Germ line gene therapy is a form of disease treatment where genetic alterations are made at the germ line, or pre-embryonic stage, to sperm or egg cells. This is as opposed to the traditional somatic approach, where an attempt to treat disease is done at a genetic level in fully mature organisms. Though germ line gene therapy is a more effective treatment, it carries with it a variety of controversial ethical and societal concerns.
Somatic gene therapy has been practiced since the early 1990s with very limited effectiveness. In somatic gene therapy, malfunctioning genes are replaced or genetically enhanced in a patient with the goal of treating the targeted gene. These treatments have often proven to be ineffective or temporary. The fundamental advantage to germ line gene therapy is that the genetic change is carried forward into the embryo as a permanent and natural part of development. Such genetic changes are irreversible, and they can then be passed on by the subject to his or her offspring.
Both forms of gene therapy generally use the same proven method, or vector, for inserting new genetic instructions into cells. Viruses, which are otherwise harmless to the body, are used as transport mechanisms. Part of their genetic structure is altered to carry the desired gene, and they are then inserted into the host, where they integrate their DNA into the cellular structure of the DNA of host cells. They reproduce along with the cells of the host, thereby spreading the altered gene throughout the body.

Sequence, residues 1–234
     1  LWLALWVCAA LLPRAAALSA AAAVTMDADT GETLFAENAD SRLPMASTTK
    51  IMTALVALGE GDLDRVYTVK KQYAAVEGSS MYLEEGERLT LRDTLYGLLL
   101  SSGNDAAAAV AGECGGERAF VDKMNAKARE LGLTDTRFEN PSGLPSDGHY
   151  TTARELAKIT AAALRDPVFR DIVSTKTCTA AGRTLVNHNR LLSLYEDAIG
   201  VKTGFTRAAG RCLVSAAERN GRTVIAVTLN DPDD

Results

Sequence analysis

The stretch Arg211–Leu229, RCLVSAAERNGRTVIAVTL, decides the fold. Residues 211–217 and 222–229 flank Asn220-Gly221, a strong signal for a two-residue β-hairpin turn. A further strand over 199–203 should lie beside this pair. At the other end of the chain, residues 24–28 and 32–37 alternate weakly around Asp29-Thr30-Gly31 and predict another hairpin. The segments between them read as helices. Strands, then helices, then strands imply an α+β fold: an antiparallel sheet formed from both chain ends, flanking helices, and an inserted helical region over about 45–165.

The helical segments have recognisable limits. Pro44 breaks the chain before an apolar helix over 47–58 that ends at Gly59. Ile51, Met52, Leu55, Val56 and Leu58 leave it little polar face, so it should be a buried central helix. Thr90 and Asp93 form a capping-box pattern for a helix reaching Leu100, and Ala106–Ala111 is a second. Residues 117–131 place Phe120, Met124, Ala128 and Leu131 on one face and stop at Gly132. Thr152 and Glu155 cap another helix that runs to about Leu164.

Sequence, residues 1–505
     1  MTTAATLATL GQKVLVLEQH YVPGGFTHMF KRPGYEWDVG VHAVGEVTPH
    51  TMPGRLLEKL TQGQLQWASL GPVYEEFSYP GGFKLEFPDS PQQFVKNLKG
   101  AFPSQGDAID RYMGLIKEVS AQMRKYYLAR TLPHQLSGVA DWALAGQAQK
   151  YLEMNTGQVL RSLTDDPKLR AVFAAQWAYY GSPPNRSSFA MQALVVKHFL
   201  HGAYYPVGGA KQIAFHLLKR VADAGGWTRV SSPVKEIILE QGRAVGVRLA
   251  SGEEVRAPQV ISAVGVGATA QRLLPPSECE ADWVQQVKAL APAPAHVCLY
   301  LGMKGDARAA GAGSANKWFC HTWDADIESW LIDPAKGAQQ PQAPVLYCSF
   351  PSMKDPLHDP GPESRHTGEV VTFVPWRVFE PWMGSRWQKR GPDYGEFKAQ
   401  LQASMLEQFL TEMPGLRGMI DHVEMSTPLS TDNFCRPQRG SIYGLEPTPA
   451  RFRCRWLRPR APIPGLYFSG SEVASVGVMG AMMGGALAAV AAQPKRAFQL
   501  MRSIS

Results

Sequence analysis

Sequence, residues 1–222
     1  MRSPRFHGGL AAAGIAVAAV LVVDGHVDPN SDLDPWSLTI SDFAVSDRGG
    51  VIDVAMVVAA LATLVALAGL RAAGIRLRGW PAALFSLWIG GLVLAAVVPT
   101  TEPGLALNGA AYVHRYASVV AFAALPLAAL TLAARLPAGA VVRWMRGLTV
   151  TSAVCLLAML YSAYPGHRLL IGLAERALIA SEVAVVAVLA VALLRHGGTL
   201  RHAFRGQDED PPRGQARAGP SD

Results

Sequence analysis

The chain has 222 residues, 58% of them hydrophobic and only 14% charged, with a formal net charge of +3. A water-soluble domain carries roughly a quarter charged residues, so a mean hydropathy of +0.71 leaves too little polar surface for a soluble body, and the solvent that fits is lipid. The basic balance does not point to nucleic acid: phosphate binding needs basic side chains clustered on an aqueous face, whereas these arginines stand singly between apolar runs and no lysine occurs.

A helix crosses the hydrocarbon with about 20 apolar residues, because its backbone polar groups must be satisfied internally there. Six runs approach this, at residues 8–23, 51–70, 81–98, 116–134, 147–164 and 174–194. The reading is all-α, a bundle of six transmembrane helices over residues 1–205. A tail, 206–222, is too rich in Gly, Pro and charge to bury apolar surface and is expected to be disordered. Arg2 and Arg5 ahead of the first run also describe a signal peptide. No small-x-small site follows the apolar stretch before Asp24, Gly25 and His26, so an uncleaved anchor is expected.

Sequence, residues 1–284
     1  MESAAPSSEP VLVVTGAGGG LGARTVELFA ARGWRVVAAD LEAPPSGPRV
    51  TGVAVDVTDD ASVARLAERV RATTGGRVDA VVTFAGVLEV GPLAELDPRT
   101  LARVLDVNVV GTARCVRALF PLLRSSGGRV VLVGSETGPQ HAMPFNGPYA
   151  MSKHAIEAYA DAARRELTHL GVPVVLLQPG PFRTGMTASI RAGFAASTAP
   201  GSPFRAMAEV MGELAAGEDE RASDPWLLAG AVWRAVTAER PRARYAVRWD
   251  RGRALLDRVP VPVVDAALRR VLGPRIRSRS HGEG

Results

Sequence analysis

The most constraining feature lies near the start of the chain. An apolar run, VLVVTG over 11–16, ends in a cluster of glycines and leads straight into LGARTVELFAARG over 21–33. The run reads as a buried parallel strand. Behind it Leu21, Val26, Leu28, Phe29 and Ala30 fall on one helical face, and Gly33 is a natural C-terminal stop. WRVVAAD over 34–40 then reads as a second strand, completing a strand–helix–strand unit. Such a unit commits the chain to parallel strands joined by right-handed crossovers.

Where somatic treatments fail is in how this new genetic material is adopted by the body. Often there are immune responses, side-effects from the presence of the virus, and damage to the cell that can lead to mutation and cancer. As well, many diseases are often the result of several genetic weaknesses which cannot be treated by correcting just one gene. Germ line gene therapy bypasses most of these problems while creating new ones of its own.
Successful treatment with germ line gene therapy is likely to have no immune response at all. Also, it is easier to make alterations to sperm or egg cells than it is to try to treat a complex and established genetic disorder in an adult. By contrast, germ line gene therapy, if flawed, can be much more harmful to the embryo than an adult, resulting in deformity or death.
Ethical issues arise as well where it becomes possible to use germ line gene therapy to alter the fundamental characteristics of an individual. Such alterations can occur in sex, height, intelligence, skin color, and so on. On a larger scale, this could become a eugenics program, manipulating entire populations to weed out undesirable traits.